This morning I woke up to a frosty covering of snow on the ground. The world around me was white and peaceful and calm. What a blessing! God had blessed me with one of my favorite things…snow!
This made me think about “blessing”.
I understand God as the one who blesses not man. He is the one with the storehouse of goodness and in His grace rains (and in this case, snows) those good things down on us.
I wondered… how can WE bless the Lord, isn’t He the One who blesses us… like He blessed me with snow?
Then why does David say in the Psalms…
bless the Lord, O my soul: and all that is in me bless His holy name…
The word “bless” comes from the ancient Hebrew word “BERAKHAH” (bra-KHAH’). This word is related to the Hebrew word for “knee” and the verb “to kneel”. The ancients had a wonderful everyday visual image for this word. “BERAKAH” is the action of a camel as he knees down (Genesis 24:11).
It carries the idea that when we “bless” the Lord we mentally and spiritually bow down on our knees and worship Him, acknowledging that He is the source of all blessings.
Paul tells us in Ephesians 5:20 that we should be…
“always giving thanks to God the Father for everything”.
This sounds like an overwhelming task … “to bless God for everything”.
For the ancient Jews and the Jews of Jesus’ time “blessing the Lord” was entwined into their daily life. They would say a brief prayer honoring God as the source of everything good.
In Jesus’ time, these prayers began with “Blessed is He…” or “Blessed art thou, O Lord our God, King of the universe”.
They would bless God upon waking and bless God that each part of their bodies was working properly. They would bless God when they got dressed saying, “Blessed is He who clothes the naked”.
When they would see the change of the seasons, or new grass, or the flowers blooming on trees in the spring they would pray, “Blessed is He who did not omit anything from the world and created within it good creations… like the changing of the season, or this good new grass or good trees… for people to enjoy”.
When they would hear thunder it would remind them to thank God, “Blessed is He who’s strength and power fill the world”.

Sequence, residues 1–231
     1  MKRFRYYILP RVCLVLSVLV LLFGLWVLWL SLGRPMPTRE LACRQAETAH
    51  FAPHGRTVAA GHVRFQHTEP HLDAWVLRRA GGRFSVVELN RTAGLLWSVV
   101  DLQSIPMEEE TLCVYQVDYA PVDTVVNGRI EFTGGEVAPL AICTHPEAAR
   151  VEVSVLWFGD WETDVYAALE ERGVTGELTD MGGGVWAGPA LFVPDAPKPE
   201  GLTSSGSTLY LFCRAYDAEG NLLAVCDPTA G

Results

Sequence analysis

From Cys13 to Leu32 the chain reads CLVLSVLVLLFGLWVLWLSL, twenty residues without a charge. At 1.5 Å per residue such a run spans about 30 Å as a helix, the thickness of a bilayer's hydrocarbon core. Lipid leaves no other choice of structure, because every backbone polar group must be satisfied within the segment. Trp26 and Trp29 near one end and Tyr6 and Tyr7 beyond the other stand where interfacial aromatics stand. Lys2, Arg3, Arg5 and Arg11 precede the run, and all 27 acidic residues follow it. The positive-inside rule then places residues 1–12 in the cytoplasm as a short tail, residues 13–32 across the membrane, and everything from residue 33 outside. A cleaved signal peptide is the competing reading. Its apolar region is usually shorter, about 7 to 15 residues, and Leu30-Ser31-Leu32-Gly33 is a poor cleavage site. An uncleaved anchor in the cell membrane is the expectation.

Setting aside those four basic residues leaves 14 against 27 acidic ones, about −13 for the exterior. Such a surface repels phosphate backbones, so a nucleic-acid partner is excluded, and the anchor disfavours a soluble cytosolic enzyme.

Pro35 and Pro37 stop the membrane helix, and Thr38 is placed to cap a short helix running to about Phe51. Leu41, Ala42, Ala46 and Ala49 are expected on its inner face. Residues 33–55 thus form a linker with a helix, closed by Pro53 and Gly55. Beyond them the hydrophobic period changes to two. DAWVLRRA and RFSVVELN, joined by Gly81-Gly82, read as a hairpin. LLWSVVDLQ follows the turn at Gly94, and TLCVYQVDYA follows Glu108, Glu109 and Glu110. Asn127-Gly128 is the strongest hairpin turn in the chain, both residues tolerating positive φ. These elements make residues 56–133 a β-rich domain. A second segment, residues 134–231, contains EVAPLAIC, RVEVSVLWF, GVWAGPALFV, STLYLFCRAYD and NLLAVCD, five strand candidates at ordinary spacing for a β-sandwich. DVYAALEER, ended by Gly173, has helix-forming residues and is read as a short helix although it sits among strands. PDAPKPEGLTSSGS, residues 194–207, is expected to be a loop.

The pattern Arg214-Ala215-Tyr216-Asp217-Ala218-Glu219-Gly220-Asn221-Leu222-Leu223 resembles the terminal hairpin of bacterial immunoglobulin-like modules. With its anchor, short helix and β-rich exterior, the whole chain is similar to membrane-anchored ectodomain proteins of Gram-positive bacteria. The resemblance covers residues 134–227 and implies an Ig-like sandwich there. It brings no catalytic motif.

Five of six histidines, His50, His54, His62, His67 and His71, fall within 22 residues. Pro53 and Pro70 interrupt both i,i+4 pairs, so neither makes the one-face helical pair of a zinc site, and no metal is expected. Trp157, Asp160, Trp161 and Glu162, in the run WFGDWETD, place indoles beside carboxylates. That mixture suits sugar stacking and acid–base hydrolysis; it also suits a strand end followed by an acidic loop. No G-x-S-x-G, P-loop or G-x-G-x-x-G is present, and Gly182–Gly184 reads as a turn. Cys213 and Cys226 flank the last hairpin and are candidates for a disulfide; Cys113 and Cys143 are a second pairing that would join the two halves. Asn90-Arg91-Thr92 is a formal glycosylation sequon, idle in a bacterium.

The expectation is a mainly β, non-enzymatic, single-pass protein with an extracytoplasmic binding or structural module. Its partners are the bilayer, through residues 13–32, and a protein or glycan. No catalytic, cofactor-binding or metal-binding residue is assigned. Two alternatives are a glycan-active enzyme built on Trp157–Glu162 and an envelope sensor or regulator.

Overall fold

Praying in this way brought God close to them. He became a very center of their daily lives. It also reminded the Jews that God was good and the source of all blessings.
In good times and in bad they prayed. When a happy, long awaited event like a wedding or a birth happened they would pray, “Blessed is He who has allowed us to live and sustained us and enabled us to reach this day”.
In times of grief, the Jews would bless God. They would spiritually bow their knee in worship. They would say, “Blessed is He who is the true Judge”. This was a reminder that God would not let any bad deed or evil go unpunished. He IS the judge and has all things in His just hands.
We might think, Wow! that’s a whole lot of prayer! And we would be right. In filling our lives with blessing the Lord, something miraculous happens! Our point of view changes and so does our attitude about almost everything… for the better!
When we bless the Lord… when prayer gets entwined in our daily lives we begin to see…
“THAT THE WHOLE WORLD IS FULL OF HIS GLORY”. Isaiah 6:3
We will see God’s presence everywhere… and see His bountiful hand in all things!
It also reminds us that He is keeping a watchful eye on us, like a loving parent watches over His precious child. It is a reminder that we are under His constant care!
“BLESS THE LORD, O MY SOUL: AND ALL THAT IS IN ME BLESS HIS HOLY NAME”!
Bless the Lord, for the beauty and wonder of the snow he provided this morning out of His love and goodness! Amen.